The purpose of these events was to express gratitude, reconnect with custodial teams, and hear from staff about their hopes and concerns. During these in-person sessions, department leaders had the opportunity to recognize the wonderful work staff members have done. The Building Services Department followed all of the University’s in-person event guidelines and made sure staff felt safe during the event. The second part focused on addressing the questions of each group. Like other campuses, some staff members have a sense of uncertainty about this upcoming school year. UW’s listening sessions allowed custodians to ask questions directly to department leaders. A partnering medical physician also attended the meetings to answer questions.

“We received a positive reception from staff on these events and also gained insight about how our staff are feeling before the school year starts,” says Woodard. “Because of these events, we as leaders will be more equipped to support them when our school year begins.”

University of California, Riverside

The facilities department at UC Riverside implemented a new hands-free soap program throughout campus. The program will greatly reduce battery waste and create efficiencies for custodial workers. Each new refill comes with a coin cell battery that’s integrated into the cartridge. The dispensers also have the school’s logo printed on the front.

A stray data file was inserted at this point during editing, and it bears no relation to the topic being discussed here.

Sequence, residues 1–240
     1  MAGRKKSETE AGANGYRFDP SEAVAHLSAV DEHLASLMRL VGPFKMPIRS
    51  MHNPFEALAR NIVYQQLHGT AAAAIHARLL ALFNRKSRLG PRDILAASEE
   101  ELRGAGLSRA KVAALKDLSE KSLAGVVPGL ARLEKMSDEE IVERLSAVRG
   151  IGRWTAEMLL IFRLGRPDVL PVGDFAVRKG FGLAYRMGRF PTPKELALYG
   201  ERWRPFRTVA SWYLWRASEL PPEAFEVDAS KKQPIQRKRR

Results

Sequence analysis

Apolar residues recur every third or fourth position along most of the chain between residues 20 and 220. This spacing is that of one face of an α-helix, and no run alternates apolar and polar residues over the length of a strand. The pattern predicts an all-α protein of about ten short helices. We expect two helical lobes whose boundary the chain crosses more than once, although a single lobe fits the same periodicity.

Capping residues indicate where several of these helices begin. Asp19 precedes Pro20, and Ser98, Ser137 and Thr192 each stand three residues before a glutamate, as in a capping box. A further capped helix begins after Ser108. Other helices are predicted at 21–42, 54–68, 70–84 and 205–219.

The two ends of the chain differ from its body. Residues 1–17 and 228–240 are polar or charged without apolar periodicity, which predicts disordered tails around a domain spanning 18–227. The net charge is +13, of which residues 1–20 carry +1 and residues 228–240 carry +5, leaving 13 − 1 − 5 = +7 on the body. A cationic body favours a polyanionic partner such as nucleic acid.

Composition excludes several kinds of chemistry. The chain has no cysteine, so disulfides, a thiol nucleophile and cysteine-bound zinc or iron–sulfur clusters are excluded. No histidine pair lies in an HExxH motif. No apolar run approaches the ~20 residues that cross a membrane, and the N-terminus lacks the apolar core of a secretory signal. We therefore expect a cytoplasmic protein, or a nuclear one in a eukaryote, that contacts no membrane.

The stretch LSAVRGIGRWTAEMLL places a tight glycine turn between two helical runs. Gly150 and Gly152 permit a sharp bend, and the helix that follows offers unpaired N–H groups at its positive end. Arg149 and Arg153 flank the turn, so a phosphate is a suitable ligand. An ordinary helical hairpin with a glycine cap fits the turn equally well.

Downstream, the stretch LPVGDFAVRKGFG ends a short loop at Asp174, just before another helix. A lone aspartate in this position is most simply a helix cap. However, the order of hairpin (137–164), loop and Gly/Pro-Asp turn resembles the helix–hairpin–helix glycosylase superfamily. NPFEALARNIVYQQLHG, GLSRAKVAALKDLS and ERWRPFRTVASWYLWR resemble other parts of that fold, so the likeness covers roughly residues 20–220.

“With the majority of our campus community being remote for the past 18 months, we took the time to make a substantial push in improving our work methods, specifically in the area of workloading and staffing the cleaning of our buildings to industry standards,” says Aaron Uresti, Assistant Director of Custodial and Housekeeping Services at UC Riverside. “This is a huge part of cleaning for health. Through this effort, we were able to increase cleaning frequencies in a few areas and reallocate a couple of custodians to porter high traffic restrooms throughout the day.”

Elk Grove Unified School District

Elk Grove Unified School District in Southern Sacramento County, California took time over the past year to install a complete color-coded microfiber cloth cleaning system for their custodial department.

Each custodial team member was provided with three different colored microfiber cloths: green, red, and blue. Green cloths are for general purpose cleaning; red for restroom and high risk cleaning; and blue for mirrors and glass surfaces. Approximately 9000 microfiber cloths were added to the school’s custodial closets for cleaning for health processes. Portable compact washing machines were also installed at all school sites to launder the microfiber cloths on a daily basis. Next, the custodial team will supply all teaching staff with microfiber cloths they can use to clean their classrooms during the workday.

While so many schools have faced incredible obstacles over the past year and a half as the pandemic forced buildings to close and custodial teams to work overtime to meet the increased needs of infection prevention, it is inspiring to see schools everywhere looking toward the future with innovative programs that exemplify leadership, innovation, and cleaning for health. We would love to hear what your school facilities team has been up to! Please share your stories and successes with us at